The collaboration continued very closely between Verddet and the filmmakers through spring 2019 and we went to visit the Walt Disney Animation Studios in April of that year. The WDAS is located in Burbank, Los Angeles a long journey for us from Sápmi in the arctic. At this point, the filmmakers presented a rough cut of the film to us. We discussed some of the “Northuldra” (characters in Frozen II modelled after Sámi) elements in the story, and we all felt good about the film. We also met the animators, who were working on the film and had detailed discussions with them about clothing and other aesthetic considerations. To meet the animators and all the filmmakers of Frozen II and see their dedication and expertise on artwork for the film was fascinating and inspiring.

One might think that a giant company like WDAS is all about commercial interests, but our impression, when working so closely with the filmmakers, was that for them it was all about the story. They were world-class storytellers, and the story was always at the centre of their work. The Verddet group found that the collaboration with the creators of Frozen II was truly respectful and professional and the filmmakers always went as far as they could to follow our advice. We felt that they truly wanted to be respectful to Sámi culture and this set a very good foundation of trust for a good collaboration.

The agreement between WDAS and the Sámi people represents an important change for the Sámi and Indigenous film & TV world. This seems like a hopeful step for respectful collaboration between producers (both large and small) and Indigenous Peoples in the future.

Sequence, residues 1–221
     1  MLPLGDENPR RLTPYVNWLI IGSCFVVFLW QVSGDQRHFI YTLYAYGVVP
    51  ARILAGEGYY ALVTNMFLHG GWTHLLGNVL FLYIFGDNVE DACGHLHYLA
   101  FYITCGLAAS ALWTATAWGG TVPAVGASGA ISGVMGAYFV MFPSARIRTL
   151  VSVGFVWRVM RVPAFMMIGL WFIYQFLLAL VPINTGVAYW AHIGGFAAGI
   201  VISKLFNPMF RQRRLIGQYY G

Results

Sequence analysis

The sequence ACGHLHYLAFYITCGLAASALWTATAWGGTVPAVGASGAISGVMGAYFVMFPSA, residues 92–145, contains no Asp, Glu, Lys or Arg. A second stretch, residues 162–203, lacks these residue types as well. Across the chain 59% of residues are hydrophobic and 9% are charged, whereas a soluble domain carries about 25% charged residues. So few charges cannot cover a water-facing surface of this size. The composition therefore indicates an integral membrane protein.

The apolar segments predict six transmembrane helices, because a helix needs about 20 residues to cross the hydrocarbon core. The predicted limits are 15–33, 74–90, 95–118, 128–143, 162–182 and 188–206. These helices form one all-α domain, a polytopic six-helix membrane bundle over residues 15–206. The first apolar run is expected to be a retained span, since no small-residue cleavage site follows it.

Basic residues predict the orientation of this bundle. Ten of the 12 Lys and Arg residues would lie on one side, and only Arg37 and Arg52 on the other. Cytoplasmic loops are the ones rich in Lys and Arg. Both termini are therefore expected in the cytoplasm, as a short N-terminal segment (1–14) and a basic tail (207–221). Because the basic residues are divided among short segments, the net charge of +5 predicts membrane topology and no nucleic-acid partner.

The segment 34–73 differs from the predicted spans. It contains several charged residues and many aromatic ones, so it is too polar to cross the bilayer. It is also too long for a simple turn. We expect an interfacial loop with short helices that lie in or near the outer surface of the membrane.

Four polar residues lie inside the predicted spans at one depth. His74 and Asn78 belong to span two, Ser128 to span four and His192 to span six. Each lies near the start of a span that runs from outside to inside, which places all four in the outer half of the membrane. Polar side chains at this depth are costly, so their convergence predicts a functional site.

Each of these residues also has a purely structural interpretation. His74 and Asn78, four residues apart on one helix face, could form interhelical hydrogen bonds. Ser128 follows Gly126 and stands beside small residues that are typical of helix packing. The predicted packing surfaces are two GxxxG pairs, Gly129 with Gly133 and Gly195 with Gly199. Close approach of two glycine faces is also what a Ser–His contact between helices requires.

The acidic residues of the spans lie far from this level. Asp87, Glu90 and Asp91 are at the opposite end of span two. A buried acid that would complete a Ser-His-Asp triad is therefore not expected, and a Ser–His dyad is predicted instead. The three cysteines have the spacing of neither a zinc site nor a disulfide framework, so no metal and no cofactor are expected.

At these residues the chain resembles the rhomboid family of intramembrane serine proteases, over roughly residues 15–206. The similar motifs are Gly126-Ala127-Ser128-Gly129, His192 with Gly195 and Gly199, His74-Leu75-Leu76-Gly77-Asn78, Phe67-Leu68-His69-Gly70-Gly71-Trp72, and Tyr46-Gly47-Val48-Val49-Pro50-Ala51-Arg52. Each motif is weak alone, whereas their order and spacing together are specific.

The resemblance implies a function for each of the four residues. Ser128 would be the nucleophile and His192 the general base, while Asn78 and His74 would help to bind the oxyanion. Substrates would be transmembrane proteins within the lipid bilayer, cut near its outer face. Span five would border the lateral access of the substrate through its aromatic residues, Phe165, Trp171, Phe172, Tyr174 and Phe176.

As part of the agreement, WDAS dubbed the film to North Sámi language, and the subsequent premiere of this version in all the Sámi regions was filled with small, Sámi Elsa & Anna princesses. One mother told us later that her daughter now thought that she could choose the Sámi language option for all other films: “Just choose the Sámi language on the film, mom!” This little girl’s new understanding is somewhat bittersweet. Frozen II is one of only two feature films that are dubbed to our language; but hopefully, this collaboration sets an example even for dubbing existing film and television content to Indigenous languages.

The successful collaboration with WDAS came together through the hard work of so many Sámi people, the Sámi political leaders, the Verddet group, the Sámi dubbing team and many more. And even though it was challenging at times, this is something we can truly be proud of.

Anne Lajla Utsi

Anne Lajla Utsi belongs to the Sámi people and lives in Kautokeino in Norwaŧ, where she has served as managing director for the International Sámi Film Institute (ISFI) since 2009.

She was one of the founders of the Institute and has a background as a documentary film director. Utsi has through the ISFI guided a new generation of Sámi filmmakers. The International Sámi Film Institute represents a watershed in Sámi film production and the production has increased 46 % in this period, 77 % women directors and producers.

ISFI has initiated the establishment of Arctic Indigenous Film fund, where Utsi is also a member of the board.

Utsi has been working in the film and media industry for 25 years as a film director, film festival manager, journalist and producer. She is a member of the Sámi media program council and has served as an advisor for Walt Disney Animation Studios, in the Sámi cultural expert group working with the filmmakers of Frozen II. She is also a member of the Sámi think tank “Jurddabeassi” organized by the Sámi Council. She a member of The European Film Academy and has also been a Native film advisor for the Berlin Film Festival. Utsi has served on international and national film juries and as mentor in various film labs and workshops. She has built a strong International film network with partners such as the Sundance Film Institute, Canada Media Fund, European Film Academy, Berlin Film Festival, Maoriland Film Hub and many more.